What Happened to Protofection?

Mitochondria are a roving herd of power plants that exist in every cell, storing energy in chemical form for use in powering cellular processes. They are the remnants of symbiotic bacteria-like organisms, and so bear their own DNA that encodes much of the protein machinery needed for their operation. Unfortunately, this mitochondrial DNA (usually abbreviated as mtDNA) sits right next to processes that generate reactive byproducts, and is far less protected than the DNA in the cell nucleus. It becomes damaged over time in ways that spiral out to harm the cell, harm surrounding tissue, and ultimately cause some fraction of degenerative aging.

Thus fixing mitochondrial DNA damage is an important line item for any future rejuvenation toolkit. Seven years ago, there was an unofficial claim of the ability to replace mitochondrial DNA in a laboratory animal using a methodology known as protofection. There has not been a great deal of progress on this front since then however: to the best of my knowledge, no-one else has managed to replicate that result. Yet that research group and others continue to work on the mechanisms used: so what's going on here?

At its heart, protofection is a cargo delivery method, and the cargo consists of gene sequences to be inserted into mitochondria - such as extra copies of important genes that tend to get damaged, causing mitochondrial dysfunction. The delivery mechanism is a protein assembled of various parts that enable it to (a) cross cell membranes, (b) be transported into the interior of mitochondria within the cell, and (c) participate in the normal processes of DNA replication. Thus a cargo of mitochondrial genes attached to this basic assembly will be carried to mitochondria and then added to the mitochondrial DNA that is already present.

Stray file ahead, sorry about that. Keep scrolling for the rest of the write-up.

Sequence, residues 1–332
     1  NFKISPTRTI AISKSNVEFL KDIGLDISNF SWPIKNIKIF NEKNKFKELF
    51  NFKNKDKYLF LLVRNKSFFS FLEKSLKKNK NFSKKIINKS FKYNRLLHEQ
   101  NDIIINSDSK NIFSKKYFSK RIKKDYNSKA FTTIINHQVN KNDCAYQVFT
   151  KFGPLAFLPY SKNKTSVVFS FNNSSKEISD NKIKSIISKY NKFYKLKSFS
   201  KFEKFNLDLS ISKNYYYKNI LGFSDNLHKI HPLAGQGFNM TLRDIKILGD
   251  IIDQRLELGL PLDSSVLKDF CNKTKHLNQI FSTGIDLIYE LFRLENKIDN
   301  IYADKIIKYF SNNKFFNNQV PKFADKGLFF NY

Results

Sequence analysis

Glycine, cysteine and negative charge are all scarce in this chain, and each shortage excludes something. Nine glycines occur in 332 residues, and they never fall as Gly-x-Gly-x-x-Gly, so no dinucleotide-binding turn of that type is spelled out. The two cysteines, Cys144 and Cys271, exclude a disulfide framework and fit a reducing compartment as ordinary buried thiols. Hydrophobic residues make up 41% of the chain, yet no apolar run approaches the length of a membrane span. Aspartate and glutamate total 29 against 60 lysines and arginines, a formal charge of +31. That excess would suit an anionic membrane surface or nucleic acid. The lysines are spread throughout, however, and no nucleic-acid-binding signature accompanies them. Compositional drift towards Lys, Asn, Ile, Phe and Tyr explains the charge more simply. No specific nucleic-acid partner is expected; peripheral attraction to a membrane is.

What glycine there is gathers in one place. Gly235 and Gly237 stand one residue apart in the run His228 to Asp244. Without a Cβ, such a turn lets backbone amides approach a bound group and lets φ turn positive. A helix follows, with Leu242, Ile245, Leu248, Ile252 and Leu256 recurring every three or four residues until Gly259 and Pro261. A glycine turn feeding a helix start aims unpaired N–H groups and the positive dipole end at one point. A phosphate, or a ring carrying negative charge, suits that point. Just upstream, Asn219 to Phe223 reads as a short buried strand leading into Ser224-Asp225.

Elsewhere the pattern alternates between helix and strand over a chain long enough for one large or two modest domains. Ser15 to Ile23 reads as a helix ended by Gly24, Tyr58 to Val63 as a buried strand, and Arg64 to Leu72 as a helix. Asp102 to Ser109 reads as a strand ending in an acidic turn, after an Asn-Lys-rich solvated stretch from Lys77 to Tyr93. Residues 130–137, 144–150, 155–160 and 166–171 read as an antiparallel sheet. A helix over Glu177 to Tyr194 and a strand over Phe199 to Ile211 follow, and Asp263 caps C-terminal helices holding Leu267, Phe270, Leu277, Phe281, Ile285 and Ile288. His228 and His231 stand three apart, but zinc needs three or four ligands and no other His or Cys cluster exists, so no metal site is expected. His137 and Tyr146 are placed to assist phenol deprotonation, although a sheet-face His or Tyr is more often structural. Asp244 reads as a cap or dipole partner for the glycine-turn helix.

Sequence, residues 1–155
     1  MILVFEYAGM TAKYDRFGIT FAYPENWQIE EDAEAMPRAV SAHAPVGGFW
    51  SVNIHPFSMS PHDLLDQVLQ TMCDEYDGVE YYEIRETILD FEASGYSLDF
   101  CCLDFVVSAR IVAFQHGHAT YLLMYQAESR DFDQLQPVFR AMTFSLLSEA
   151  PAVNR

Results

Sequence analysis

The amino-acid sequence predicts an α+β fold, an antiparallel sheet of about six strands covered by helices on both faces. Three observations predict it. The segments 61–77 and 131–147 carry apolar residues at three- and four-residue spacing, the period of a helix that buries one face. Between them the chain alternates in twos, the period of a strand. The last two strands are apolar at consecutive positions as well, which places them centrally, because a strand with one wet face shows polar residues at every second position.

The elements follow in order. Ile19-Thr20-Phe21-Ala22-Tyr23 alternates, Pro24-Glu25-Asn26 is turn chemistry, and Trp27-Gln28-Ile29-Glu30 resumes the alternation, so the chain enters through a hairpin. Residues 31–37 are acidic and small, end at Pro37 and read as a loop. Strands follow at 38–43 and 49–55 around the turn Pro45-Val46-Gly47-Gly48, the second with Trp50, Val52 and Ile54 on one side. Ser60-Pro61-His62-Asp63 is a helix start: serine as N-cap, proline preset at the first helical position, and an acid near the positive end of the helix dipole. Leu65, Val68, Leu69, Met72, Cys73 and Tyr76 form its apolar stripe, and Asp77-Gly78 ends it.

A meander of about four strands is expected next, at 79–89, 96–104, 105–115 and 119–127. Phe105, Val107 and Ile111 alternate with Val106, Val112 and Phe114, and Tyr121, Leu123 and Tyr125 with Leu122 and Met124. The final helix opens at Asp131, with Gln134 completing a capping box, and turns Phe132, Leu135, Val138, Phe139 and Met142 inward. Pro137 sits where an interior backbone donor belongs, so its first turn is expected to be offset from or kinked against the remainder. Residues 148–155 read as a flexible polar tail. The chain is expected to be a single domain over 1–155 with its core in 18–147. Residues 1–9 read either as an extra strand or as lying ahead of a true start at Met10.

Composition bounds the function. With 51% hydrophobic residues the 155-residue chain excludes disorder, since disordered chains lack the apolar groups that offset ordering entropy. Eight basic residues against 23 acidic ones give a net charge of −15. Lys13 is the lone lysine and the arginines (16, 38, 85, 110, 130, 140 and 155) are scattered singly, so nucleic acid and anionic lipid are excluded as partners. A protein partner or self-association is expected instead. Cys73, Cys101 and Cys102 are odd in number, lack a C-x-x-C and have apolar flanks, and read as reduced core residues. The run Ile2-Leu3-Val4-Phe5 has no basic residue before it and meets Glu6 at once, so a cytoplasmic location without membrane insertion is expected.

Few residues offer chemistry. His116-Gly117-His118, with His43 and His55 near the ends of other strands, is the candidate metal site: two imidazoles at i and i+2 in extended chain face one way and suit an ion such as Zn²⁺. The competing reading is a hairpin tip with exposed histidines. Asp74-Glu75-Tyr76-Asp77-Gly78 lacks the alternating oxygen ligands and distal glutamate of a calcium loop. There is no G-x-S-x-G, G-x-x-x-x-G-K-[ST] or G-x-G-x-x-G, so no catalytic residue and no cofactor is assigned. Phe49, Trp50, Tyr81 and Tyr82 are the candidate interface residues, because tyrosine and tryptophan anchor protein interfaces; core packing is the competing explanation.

This delivery protein is known of late as recombinant human mitochondrial transcription factor A (rhTFAM), and in older materials such as those used for the unfinished Open Cures protofection protocol as PTD-SODMLS-Mature TFAM:

PTD stands for Protein Transduction Domain. This part of the protein facilitates its ability to cross lipid membranes.

SODMLS stands for Superoxide Dismutase Mitochondrial Localization Signal. This domain targets mitochondria specifically. In the literature, the term MTD (Mitochondrial Transduction Domain) is used in place of PTD + SODMLS indicating that the MTD is the part of the protein that causes it to enter cellular mitochondria.

TFAM refers to human mitochondrial transcription factor A. This protein plays several roles in the mitochondria. It participates in mtDNA transcription, replication and maintenance. It also non-specifically binds to mtDNA which is the property we want to exploit as we attempt to pull pristine mtDNA into mitochondria which contains damaged DNA.

In recent years, it seems that the core protofection research group has dropped the use of rhTFAM as a carrier and are instead focused on exploring how it might be used in and of itself, without any cargo, as a therapy for mitochondrial conditions. It so happens that rhTFAM boosts mitochondrial activity in some ways, and progressive mitochondrial dysfunction is implicated in a range of age-related conditions, especially in the brain. Even marginal therapies here could have meaningful market value.